Read This Before You Hire Another Development Officer

It’s the end of the fiscal year. Nonprofits total the results of their fundraising for the past year and calculate their revenue for the next.

I’ve been a major donor fundraiser or on a development team since 2004—working for organizations with up to 9-figure budgets, New York to Silicon Valley. And I’m here to tell you, there’s an approach to the equation for charitable fundraising success that many organizations are missing.


Let’s look at the two major factors in the fundraising equation: basic costs and time to ramp up. Basic costs include fundraiser salary, travel, “wine and dine” expenses, and cost of access to senior leadership.

The time it takes to “ramp up” is unique to each fundraiser. These are the levers that a development team needs to pull in order to connect with major donors.

  • Exposure to the sector: Knowing the major players, trends, and language of the sector
  • Exposure to the geography: Knowing who is interested in the cities, regions, or countries where the organization is working
  • Exposure to the company: The ability to tell the organization’s unique story, articulate the details donors want to know, and bring colleagues into the conversation
  • Exposure to existing donors: Knowing where deeper relationships with existing donors could accelerate referrals and other connections
  • Exposure to new donors: A fundraiser’s own network of contacts, which can open new doors if there is trust and interest—assuming there are no non-compete clauses and relationships haven’t atrophied from over-asking

The idea is that a firm tries to hire fundraisers that can ramp up quickly—and attract funding significantly beyond what is needed to cover their basic costs. Almost always, the first year or two is break-even at best—and the organization may see minimal new giving above the threshold for basic costs.

This is the best case scenario. It doesn’t account for the learning curve when joining a new organization—or that the philanthropic marketplace is inefficient, and having good programs doesn’t always lead to funding. The reality that I see over and over again is that most organizations are not comfortable with this equation, and yet, they keep hiring using this same formula.


Now let’s consider another angle of the equation that has potential for a fast payoff for an organization. Specifically, look at the “ramp up” factors and consider whether somebody already on the team might be as strong or stronger than a new hire in most of those areas.

Before making a new hire, assess your team. Are they strong in many of the ramp up factors? Are there areas where, with additional support, your team could increase their effectiveness? Even the best development teams often don’t have the time or capacity to research, analyze, and strategize.

Equipping your team to fundraise more effectively may not mean making a new hire—but rather giving them extra support. The overlooked approach is to give existing talent the deep intelligence they need, such as a list of donors funding similar work, guidance on how to speak to major donors, and a map showing how existing relationships can open doors.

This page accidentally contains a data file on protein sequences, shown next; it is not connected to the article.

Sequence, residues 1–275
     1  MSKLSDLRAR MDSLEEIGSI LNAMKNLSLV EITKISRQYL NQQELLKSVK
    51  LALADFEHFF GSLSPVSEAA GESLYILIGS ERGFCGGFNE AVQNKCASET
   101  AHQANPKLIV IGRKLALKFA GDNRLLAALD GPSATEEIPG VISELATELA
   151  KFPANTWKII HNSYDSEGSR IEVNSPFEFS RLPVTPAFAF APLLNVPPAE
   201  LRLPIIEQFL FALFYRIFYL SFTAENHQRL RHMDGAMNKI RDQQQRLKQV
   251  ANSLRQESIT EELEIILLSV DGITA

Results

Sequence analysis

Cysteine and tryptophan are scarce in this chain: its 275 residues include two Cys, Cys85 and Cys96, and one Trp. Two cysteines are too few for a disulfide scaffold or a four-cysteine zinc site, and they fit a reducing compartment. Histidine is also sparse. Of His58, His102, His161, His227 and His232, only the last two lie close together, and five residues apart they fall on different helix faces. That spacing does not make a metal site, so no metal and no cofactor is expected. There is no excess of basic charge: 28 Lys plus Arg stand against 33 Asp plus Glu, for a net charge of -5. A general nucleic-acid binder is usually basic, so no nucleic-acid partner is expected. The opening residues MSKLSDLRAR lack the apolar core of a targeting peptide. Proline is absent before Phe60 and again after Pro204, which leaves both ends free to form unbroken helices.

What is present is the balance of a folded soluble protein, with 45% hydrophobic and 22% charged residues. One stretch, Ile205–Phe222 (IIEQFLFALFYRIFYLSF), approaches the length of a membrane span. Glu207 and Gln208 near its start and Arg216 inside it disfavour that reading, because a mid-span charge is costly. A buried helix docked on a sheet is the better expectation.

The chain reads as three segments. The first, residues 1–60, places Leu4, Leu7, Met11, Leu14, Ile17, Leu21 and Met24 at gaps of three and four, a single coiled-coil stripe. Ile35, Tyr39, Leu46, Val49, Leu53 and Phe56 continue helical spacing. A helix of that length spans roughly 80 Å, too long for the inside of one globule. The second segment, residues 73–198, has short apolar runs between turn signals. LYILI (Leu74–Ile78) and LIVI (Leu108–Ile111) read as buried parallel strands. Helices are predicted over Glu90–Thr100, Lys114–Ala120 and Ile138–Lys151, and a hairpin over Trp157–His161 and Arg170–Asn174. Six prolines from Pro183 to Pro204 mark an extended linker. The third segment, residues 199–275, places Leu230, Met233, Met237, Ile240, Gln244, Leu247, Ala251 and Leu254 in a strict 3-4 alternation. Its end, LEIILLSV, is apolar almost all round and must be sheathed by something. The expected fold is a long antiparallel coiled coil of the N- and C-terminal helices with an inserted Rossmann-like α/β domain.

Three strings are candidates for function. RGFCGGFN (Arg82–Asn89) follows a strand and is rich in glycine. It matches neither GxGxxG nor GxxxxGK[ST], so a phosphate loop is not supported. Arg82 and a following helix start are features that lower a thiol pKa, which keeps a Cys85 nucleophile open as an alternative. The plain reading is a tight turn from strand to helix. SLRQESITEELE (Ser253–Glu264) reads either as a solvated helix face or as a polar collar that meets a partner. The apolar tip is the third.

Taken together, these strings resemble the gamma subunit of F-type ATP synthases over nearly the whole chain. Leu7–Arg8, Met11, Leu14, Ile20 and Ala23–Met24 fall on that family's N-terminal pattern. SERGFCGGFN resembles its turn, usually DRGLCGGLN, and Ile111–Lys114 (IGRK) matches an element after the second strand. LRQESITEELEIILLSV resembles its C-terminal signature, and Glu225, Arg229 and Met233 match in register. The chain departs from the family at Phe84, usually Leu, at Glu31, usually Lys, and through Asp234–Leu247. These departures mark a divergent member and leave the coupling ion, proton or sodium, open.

Knowing who funds your sector: What if you knew the exact people and organizations that would be the most likely to fund your work? In my experience, organizations rarely invest the resources to develop a quality donor landscape. Or, they invest the time to see the big-picture opportunity for funding, but haven’t made the deep dive into specific prospects.

Communicating what matters to donors: Donors often have a strategy for how they want to use their funding to support what matters to them in the world. As such, an organization has to understand how they fit into the donor’s strategy and be able to speak their language. A messaging map—and other tools—gives the team multiple pathways to customize the organization’s pitch.

Reaching new donors: A great prospect list and a custom pitch can still feel like a weak toolkit. This is where a relationship map is invaluable, as it shows how to leverage staff, board members, and friendly relationships to gain access to target donors. For organizations with limited networks, the exercise can greatly inform the creation of a marketing and awareness plan.

Using data to build relationships: Fundraising is an art, based on data. A database is the hub of the donor engagement cycle, supporting prospecting, cultivation, and stewardship. A good database gives an organization insight into current donors—such as the sale of a business that may affect future support—and allows an organization to see what’s working and what’s not.


Fundraisers and development teams have to pull a number of levers to break through to the right major donors. By hiring experts to develop these critical tools, a lean team can get the support it needs to build a donor base. Even the best-staffed development team needs support—whether the organization seeks to expand its donor base, raise funds for a new initiative, or recover from a period of poor fundraising results.

While this approach requires an upfront investment, it can be less risky than the fixed cost of hiring another employee, while also avoiding the time spent to ramp up that person. For organizations in critical funding periods or looking to diversify their donor portfolio, investing in donor research and sharp positioning can be a very effective way to fundraise.